Under the Compact of the Free Association (1983) treaties, Marshallese immigrants are free to live and work indefinitely without visas; however, American schools and educators have not been equipped with data and resources that can be used to address the cultural and linguistic diversity of their new neighbors. Therefore, the research question considers which resources and practices can help Marshallese immigrants succeed academically within the American education system. The findings, supplemented by the perspectives of local Marshall Islanders, suggest that educators need increased awareness of important cultural differences and further develop their cultural competency. Language teachers in particular may also find it helpful to note major distinctions between the English and Marshallese languages to predict where Marshallese English language learners may struggle with English grammatical concepts. The created resources, which aim to help local teachers develop their cultural competency, can be found following the paper.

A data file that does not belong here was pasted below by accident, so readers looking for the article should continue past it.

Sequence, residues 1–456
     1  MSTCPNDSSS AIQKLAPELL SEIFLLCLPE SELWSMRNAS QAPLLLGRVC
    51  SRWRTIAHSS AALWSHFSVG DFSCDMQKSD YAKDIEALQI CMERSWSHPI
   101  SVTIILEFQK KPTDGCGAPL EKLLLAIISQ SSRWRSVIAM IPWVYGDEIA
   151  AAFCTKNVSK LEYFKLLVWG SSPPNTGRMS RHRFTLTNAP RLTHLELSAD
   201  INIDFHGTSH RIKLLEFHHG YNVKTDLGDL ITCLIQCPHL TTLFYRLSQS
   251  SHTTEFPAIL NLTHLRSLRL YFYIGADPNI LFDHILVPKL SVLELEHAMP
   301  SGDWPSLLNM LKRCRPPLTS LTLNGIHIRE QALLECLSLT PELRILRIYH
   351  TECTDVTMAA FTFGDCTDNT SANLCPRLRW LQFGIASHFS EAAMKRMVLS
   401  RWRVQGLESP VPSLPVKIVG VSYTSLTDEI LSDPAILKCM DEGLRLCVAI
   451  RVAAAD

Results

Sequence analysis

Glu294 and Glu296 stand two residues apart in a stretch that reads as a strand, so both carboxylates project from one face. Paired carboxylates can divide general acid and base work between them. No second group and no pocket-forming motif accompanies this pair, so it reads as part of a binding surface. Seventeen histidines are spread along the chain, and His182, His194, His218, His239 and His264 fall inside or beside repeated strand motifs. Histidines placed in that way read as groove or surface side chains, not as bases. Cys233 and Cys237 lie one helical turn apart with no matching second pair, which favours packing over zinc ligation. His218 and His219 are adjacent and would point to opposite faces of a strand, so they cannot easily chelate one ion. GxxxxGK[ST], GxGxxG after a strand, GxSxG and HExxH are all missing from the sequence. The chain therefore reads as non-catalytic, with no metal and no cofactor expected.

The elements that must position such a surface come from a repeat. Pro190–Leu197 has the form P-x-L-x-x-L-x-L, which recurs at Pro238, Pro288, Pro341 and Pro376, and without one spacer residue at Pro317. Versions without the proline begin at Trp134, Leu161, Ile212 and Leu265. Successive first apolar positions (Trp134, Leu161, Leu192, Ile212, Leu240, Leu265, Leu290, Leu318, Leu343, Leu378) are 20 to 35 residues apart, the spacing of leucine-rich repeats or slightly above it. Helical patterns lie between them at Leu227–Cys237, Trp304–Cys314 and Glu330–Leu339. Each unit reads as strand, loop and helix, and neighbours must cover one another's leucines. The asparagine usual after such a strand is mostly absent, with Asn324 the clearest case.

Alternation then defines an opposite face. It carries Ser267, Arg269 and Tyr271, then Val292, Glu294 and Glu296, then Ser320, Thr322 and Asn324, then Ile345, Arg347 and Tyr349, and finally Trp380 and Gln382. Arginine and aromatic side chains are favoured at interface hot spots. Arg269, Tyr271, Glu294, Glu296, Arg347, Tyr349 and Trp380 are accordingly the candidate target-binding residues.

Integrated Language Arts Education
Dr. Sheri Wells-Jensen
First Advisor Department
Dr. Joanna Weaver
Second Advisor Department
Post, Riley, "Ñe juon enaaj jeḷā kōkḷaḷ eban peḷọk: Teaching Marshallese Immigrants" (2021). Honors Projects. 583.